Painting was carried out with reference to the book already mentioned; the VIX vans have transfers which were original available from a member of the forum, Norman Tunnerone, but I think are now from County Scale Models. I placed these VIX transfers in slightly different places, according to photographic information, for authenticity, on my series of vans. I used part of the same transfers on the 'foreign' vans, but have so far no luck with sourcing 'Transfesa' or Belgian ones. I also have DB 3d printed van, which has appropriate transfers from Germany.

Thanks for sticking with me! I hope that I haven't forgotten anything If I have, please ask!.

I acknowledge the inspiration given by the Mill Lane sidings kit of the VIX to kick start my quest for a more or less authentic ferry van train.

Incidentally, I used similar methods to use up spare ends from van kits such as those by Foxhunter and the N Gauge Society; using the left over ends, and plasticard sides, Peco underframes, and microstrip stiffeners/strapping results in an easy scratchbuild, even if its not to a particular diagram for the experts-it is barely noticeable in a full length train!

Postscript; I have found that these vans will run on 18" curves easily, and 15" as well- I haven't tried them on anything smaller, as it will may lead to buffer lock. I would also recommend that before adding the roof, they are ballasted-I used lead roofing flashing or 'liquid lead'. The Belgian van was made similarly, with the sides being the same height as the longer vans, but the peaked roof was made from 1.5mm plastic card; wheelbase and overall length adjusted as per the diagrams.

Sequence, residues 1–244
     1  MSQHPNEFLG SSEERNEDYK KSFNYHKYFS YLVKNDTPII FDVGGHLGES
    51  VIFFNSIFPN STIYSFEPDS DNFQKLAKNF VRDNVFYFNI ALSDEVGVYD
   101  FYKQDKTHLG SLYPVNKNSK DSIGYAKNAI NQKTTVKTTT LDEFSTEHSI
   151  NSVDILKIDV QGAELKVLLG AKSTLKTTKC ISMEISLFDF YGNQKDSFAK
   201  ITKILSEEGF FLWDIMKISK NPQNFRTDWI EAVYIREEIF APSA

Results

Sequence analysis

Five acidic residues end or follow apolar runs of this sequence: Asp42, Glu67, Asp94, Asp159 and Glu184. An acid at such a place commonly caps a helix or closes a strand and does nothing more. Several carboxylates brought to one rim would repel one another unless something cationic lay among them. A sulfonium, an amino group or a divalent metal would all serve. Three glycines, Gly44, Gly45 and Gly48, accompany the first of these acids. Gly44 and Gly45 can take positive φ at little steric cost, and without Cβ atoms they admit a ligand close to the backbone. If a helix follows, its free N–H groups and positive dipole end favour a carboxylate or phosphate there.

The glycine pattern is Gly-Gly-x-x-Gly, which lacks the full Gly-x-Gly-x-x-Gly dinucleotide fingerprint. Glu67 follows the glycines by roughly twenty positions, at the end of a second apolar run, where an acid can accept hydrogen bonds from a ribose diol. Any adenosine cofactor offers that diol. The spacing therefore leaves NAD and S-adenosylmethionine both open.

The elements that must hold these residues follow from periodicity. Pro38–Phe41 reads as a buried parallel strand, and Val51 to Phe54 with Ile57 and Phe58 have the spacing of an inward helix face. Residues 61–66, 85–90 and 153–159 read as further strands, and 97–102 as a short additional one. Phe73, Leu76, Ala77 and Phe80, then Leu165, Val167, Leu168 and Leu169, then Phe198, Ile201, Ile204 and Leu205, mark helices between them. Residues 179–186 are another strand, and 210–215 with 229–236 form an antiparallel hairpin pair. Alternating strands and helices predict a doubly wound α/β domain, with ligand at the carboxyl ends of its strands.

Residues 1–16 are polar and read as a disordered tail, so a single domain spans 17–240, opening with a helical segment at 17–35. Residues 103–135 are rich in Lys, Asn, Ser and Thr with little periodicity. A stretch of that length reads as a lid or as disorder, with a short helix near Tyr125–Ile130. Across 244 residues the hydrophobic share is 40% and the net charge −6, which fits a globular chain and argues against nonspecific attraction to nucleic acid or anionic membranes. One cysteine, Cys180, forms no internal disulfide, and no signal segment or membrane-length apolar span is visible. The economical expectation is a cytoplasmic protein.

« Last Edit: November 20, 2016, 04:40:21 PM by martyn, Reason: Extra info and grammar! »

Offline tunneroner61

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Re: Scratch building ferry vans
« Reply #1 on: November 20, 2016, 06:09:31 PM »
The VIX transfers were originally drawn up by Paul Cheffings. He kindly allowed me to use the artwork to commission another run of the transfers. I offered the balance off the sheet (I wanted just 2 sets) to NGF members and eventually passed the remainder to Richard Dallimore at County Rolling Stock to sell. I'm not sure he is still in business.


Offline Chris in Prague

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Re: Scratch building ferry vans
« Reply #2 on: August 11, 2018, 04:38:04 PM »
Many thanks, Martyn. Very useful. I have plenty of spare Peco 15' chassis including ones replaced under Peco LWB wagons and vans because they had broken or missing buffers (which I would have to cut off anyway).